Beyond track and field, possibly the greatest fighter of the last three decades, Roy Jones Jr, regularly used to warm up for his boxing matches by playing basketball in his dressing room before making his ring entrances!
This leaves us with the following questions for self-reflection:
1. What might be the benefits of being a late specialiser in terms of my event
2. In what ways can I retain a multi-sports ethos without over-risking injury?
3. How might a multi-sports ethos facilitate my running rather than act as a
detriment to it?
4. When and why should I begin to specialise in running?
Blagrove, Richard; Howe, Louis P; Howatson, Glyn PhD; Hayes, Philip R. PhD2 (2020). Strength and Conditioning for Adolescent
Endurance Runners. Strength and Conditioning Journal: February – Volume 42 –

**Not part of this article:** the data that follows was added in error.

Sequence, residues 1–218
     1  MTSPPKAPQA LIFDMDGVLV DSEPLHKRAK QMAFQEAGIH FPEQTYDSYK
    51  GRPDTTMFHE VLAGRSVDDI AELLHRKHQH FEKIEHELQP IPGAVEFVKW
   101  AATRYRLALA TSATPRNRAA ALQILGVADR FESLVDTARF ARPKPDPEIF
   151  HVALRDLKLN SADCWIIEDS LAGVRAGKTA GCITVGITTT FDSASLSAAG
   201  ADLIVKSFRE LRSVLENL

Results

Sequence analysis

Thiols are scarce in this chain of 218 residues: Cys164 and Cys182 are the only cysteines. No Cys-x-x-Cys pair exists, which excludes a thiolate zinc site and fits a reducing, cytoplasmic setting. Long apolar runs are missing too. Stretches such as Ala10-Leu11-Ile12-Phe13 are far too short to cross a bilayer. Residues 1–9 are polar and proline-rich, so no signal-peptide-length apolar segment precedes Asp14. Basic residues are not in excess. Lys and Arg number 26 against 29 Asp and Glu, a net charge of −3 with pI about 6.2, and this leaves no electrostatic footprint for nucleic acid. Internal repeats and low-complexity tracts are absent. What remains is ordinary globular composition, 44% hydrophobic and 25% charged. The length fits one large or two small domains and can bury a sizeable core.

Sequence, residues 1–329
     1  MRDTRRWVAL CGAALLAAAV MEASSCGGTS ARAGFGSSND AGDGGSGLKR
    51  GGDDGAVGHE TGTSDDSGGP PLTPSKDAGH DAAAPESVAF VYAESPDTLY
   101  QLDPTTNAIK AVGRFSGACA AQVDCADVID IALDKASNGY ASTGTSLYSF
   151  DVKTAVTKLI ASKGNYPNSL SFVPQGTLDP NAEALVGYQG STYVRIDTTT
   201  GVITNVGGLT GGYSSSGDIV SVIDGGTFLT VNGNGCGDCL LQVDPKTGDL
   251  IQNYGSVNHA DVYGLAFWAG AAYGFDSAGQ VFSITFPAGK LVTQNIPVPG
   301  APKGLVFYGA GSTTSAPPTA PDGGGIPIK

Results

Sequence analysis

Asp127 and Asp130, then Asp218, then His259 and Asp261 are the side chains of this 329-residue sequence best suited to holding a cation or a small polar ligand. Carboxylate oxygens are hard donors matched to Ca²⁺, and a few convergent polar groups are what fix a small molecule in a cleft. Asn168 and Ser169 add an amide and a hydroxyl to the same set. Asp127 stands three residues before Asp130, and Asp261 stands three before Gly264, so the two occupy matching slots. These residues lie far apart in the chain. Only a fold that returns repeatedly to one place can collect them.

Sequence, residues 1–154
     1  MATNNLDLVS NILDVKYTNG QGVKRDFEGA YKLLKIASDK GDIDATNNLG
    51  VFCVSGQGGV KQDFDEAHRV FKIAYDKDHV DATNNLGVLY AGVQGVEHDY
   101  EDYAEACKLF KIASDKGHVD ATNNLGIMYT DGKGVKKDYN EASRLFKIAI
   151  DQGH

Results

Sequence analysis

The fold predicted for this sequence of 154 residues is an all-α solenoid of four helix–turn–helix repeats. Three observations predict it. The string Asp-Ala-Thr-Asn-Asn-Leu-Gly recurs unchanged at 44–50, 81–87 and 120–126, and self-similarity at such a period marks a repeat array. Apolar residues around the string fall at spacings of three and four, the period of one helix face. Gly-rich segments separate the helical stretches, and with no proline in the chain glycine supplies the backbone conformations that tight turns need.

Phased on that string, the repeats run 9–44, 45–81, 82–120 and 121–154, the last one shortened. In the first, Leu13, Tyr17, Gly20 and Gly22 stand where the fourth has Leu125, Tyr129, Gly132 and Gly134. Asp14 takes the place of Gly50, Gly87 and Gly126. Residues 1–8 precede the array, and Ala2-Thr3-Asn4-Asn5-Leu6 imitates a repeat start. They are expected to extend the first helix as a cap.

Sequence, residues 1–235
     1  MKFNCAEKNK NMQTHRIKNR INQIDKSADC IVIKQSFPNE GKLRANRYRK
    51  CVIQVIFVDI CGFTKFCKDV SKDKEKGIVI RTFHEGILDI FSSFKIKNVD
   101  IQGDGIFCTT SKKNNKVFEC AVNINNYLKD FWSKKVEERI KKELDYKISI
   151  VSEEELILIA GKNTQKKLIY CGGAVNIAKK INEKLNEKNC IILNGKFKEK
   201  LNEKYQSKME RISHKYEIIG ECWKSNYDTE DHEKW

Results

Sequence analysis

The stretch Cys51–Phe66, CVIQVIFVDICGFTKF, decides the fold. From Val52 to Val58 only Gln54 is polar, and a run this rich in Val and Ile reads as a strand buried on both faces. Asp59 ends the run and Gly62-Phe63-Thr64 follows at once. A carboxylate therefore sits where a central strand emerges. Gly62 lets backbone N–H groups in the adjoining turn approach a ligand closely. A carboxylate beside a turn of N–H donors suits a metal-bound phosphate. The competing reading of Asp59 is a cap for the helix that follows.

Issue 1 – pp. 2-11
Kearney, P. Thomas M. Comyns and Hayes, P. (2021) ‘The Prevalence and Consequences of Within-Sport Specialization’ in Track and Field Athletics, Research
Quarterly for Exercise and Sport, 92:4, 779-786.
Lok, K. (2019) Easy Interval Method. The Choir Press.
Long, M. (2021) Ingebrigtsen Intervals. Fast Running. December 30th
Long, M. (2022) England Athletics Youth Endurance Resource. Available at: https://www.englandathletics.org/young-athletes-and-schools/youth-endurance-
Ziegler, M. (2022) Column: Norway’s hands-off approach to youth sports might explain why they’re so good when they get older. July 20 th . The San Diego Union Tribune.
Matt Long served as an England Team coach at the Birmingham 2022 Commonwealth Games Development Camp and is a former winner of the British Milers’ Club Horwill Award for outstanding coach education research.